We are aware that many members are influenced principally by self-interest, as shown by the priority law, the dead-letter overtime law, the insistance that all members regardless of ability, get the same pay, etc. These things are unremediable under existing conditions, but remedied they will be. The union in a reasonably short time will take the apprenticeship question in hand, select such boys as are adapted by nature to become printers, train them into skilled workmen, with wellgrounded union principles, who, when they present their card to the prospective employer will be pleased to accept them without question.
The United States government issues about 75,000,000 postal cards a month, and the present four-year contract for issuing them expires at the close of this year. The present postal card has not given satisfaction, so Postmaster-General Hitchcock is making preparations to issue a more attractive card commencing with 1910. He has called in the chemists of the agricultural department and has in. structed them to prepare a much better paper than is now being used in making postal cards. The new postals will not only have better paper, but a decided improvement will be made both in printing and the designs.-Ex.
Solid success must be based on solid qualities and the honest culture of them.-Carlyle.
who had worthily occupied so large a field of use. fulness in the printing fraternity of our city; and be it further
Resolved, That our condolences be extended to the family of our deceased brother, and that these resolutions be spread upon the minutes of this union.
BENJAMIN F. BAKER. The following resolutions were adopted by St. Louis Union No. 8:
Whereas, Death has again entered our ranks and claimed Benjamin F. Baker, who died on Au. gust 23, and was buried by St. Louis Typographical Union No. 8; be it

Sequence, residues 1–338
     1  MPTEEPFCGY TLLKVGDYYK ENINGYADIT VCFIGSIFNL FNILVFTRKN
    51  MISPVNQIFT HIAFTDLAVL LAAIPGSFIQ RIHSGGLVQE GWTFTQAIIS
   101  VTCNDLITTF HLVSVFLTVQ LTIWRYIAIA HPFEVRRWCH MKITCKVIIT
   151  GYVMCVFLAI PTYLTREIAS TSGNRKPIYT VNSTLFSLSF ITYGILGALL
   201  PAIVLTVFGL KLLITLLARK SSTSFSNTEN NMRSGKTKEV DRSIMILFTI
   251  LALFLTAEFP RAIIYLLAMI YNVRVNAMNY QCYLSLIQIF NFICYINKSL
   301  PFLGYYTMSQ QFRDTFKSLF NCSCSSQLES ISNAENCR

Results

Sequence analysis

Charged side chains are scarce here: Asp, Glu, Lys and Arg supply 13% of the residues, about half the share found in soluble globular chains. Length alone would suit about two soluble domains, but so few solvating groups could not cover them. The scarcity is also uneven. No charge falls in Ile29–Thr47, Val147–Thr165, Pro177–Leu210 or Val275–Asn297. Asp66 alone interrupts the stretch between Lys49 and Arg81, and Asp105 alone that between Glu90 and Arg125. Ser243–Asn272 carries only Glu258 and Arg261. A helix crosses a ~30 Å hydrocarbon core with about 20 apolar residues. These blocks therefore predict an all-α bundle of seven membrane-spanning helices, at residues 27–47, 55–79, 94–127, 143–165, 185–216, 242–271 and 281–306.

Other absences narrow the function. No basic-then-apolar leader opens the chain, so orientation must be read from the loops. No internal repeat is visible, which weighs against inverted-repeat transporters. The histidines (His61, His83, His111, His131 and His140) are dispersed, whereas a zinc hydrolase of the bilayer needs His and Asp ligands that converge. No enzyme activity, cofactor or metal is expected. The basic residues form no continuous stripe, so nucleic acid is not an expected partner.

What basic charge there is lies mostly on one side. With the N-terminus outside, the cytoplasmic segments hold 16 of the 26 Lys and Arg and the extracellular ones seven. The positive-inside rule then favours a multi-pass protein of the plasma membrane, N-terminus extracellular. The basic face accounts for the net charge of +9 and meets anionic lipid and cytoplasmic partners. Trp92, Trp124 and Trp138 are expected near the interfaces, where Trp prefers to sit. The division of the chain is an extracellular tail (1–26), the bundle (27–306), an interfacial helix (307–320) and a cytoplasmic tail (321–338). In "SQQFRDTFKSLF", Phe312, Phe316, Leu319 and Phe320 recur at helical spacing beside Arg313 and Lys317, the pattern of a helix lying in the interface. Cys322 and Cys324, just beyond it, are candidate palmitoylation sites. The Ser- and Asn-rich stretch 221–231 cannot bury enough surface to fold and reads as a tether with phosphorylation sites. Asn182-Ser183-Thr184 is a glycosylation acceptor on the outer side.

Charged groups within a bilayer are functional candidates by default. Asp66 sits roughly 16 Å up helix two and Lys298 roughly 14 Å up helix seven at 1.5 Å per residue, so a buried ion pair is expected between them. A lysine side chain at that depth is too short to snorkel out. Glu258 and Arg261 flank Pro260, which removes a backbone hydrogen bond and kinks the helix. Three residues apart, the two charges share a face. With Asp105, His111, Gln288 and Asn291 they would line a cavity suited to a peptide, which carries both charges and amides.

Resolved, That we extend to his family in New York state our sincere sympathy in the loss of our brother member; and be it further
Resolved, That a copy of these resolutions be spread upon the minutes and also inserted in The TYPOGRAPHICAL JOURNAL.
JOSEPH COHRON. Few lives in the past have ended fraught with more good deeds than when the spirit of Joseph Cohron took its flight for the great beyond at the ripe age of 80 years. He died August 8, 1909, at East Point, Ga.-a suburb of Atlanta-where he had by frugality provided a comfortable home.
The writer knew him well and intimately for over fifty years; and now that he has put off the rent garments of warfare for the white robes of triumph, and exchanged the toil-worn, dusty girdle of his pilgrimage on earth for the glorious vesture of immortality, I am moved to speak briefly of the rich heritage he has left to his fellow man--a good name.
Friendships---clean and lasting-between men have been formed in all the history of the world. Every friendship we cultivate is but the enlargement of opportunities for grief at some stage of life.
With Joe Cohron the conflict of life is ended, and the victory gained. It is comforting to those of us left behind to know that the wounds received in battle were all in front, on the firing line, for no truer soldier ever drew sword in defense of organized labor than he. With high purposes and invincible courage-both physical and moral—his one desire was to help others up to the highest rung of the ladder. His great heart, filled with the philosophy that makes men great, yearned for not only the physical, but the moral, uplift of humanity. Throughout his long career he traveled along the narrow path of life, with voice attuned to the glories of field and sky, plucking, in his humble way, the choicest flowers that grew in his pathway, scattering their fragrance far and wide. He did not have to die to show the sterling worth of a well-spent life. His life was hallowed with beautiful living. In dealing with his fellow workmen he won allegiance and praise by his noble acts of kindness and love. Heroic in life, triumphant in death,
GEORGE W. MARTIN. Union Printers Home, Colorado Springs.
WILLIAM H. MONTGOMERY. Denver Union No. 49 adopted the following resolutions:
Whereas, Death has removed from our midst our esteemed fellow craftsman, W. H. Montgom- . ery;
Whereas, Mr. Montgomery had been active in the councils of this organization and organized labor as a whole for the past twenty-five years. and was one of the most active workers in the uplifting of union principles; therefore, be it
Resolved, That in the death of Mr. Montgomery Denver Typographical Union mourns the loss of a lifelong member and an adherent to organ. ized labor generally; and be it further